Large, colorless crystals of CeCl3(CH3OH)4 with dimensions up to 4×3.5×1.5 cm3 were grown by slow cooling methanol solutions that were supersaturated and reacted with anhydrous CeCl3. Apparatus used for the growth of CeCl3(CH3OH)4 single crystals included a 4 L borosilicate glass growth vessel suspended in a 20 L thermal water bath container. The growth vessel was capped by a borosilicate glass lid with o-ring seal and secured with an aluminum ring clamp.
The solution was prepared by dissolving and reacting dry, purified cerium tri-chloride in anhydrous methanol. The solution was heated to approximately 65° C. and stirred by means of a magnetic stirring rod on a stirring hot plate. Approximately 540 g of CeCl3 was initially dissolved in 1800 ml of methanol and allowed to stir for approximately one hr. The hot solution was then filtered through a glass micro-fiber filter to remove suspended particulate matter larger than 0.5 microns. The solution was then poured into the growth vessel and submerged in the water bath at 60° C. Due to evaporation and handling losses, the net volume of solution was approximately 1200 ml.
The solution was allowed to cool to approximately 50° C. at which point a platinum mesh basket with approximately 50 g of CeCl3 was suspended in the solution and allowed to remain for approximately 24 hrs until signs of nucleation and crystallization were observed. This crystallization indicated that the solution had become supersaturated, and the basket was subsequently removed and the solution heated to 60° C. for 2 hrs to re-dissolve the solids.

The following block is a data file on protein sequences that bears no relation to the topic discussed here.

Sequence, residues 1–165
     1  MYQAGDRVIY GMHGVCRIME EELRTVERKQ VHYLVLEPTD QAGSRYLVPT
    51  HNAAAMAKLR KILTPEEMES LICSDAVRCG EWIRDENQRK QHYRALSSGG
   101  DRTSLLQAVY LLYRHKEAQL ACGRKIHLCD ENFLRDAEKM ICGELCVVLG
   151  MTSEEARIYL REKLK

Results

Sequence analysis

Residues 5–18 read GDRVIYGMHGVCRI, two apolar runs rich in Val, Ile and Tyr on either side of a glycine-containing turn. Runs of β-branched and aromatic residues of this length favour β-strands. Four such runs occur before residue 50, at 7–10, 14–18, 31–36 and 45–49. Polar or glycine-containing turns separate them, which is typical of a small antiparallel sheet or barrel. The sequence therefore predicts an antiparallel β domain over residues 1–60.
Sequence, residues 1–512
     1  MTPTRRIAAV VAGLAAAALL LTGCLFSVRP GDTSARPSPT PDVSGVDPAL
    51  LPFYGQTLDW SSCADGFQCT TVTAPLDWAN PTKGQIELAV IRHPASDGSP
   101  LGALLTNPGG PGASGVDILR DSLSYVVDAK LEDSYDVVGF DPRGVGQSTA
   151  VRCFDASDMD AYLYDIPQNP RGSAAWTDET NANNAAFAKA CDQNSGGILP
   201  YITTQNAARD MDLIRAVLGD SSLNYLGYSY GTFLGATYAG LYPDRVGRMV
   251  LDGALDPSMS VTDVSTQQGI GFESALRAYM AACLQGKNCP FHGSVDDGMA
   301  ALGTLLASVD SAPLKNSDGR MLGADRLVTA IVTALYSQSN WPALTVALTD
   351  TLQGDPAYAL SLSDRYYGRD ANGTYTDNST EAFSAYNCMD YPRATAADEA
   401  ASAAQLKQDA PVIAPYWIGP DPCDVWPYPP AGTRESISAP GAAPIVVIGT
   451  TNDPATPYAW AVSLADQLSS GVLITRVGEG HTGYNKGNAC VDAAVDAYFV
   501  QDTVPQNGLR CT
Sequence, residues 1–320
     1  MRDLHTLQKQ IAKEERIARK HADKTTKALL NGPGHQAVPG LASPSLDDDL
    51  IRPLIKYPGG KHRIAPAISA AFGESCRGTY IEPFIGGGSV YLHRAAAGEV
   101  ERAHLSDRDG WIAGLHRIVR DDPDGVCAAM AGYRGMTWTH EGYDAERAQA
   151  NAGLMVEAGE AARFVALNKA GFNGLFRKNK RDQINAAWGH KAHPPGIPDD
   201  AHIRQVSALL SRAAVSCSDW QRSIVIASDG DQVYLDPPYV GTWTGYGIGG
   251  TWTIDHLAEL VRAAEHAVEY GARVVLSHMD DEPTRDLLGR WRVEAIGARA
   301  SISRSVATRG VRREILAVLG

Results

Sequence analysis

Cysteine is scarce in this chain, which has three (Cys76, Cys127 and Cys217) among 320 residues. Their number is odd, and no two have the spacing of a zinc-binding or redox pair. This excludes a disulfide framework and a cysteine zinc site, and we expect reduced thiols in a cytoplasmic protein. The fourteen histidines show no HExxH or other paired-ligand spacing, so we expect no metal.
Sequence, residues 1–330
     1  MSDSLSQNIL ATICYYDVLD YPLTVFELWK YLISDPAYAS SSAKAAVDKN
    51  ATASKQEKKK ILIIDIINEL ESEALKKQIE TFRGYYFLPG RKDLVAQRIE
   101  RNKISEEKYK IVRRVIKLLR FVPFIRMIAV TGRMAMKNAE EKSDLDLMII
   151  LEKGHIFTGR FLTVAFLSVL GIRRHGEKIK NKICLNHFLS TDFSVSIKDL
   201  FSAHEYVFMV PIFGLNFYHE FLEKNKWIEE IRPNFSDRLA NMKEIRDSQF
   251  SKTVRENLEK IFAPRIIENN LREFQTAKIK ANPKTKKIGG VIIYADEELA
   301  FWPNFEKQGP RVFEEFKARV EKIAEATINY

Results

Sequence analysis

The CeCl3-methanol solution was allowed to cool to approximately 50° C. at which point a CeCl3 crystal seed was attached to the growth platform in a Holden-type crystallizer with two small diameter platinum wires and positioned in the solution. The growth platform was placed in the solution such that the position of the seed crystal was located at the mid-point of the depth of the solution. The surrounding thermal water bath level was adjusted so that the level of solution within the growth vessel was approximately 2.5 cm higher than the level of the water bath to suppress spurious nucleation. The growth platform holding the seed crystal was rotated in alternate directions at a speed of approximately 60 rpm at 10-12 s intervals with a 2-4 s pause between directional changes. Two type K thermocouples were utilized, one for the control of a temperature controller/programmer, and the other connected to a digital temperature indicator to provide solution temperature readings. The thermal water bath temperature was controlled to allow for a 1° C. reduction in temperature per period of 10 hrs. Crystal growth was allowed to continue for a total growth time of 24 hrs at which time the crystals were removed from the vessel, rinsed clean of the solution in fresh anhydrous methanol, dried, and sealed under dry inert gas.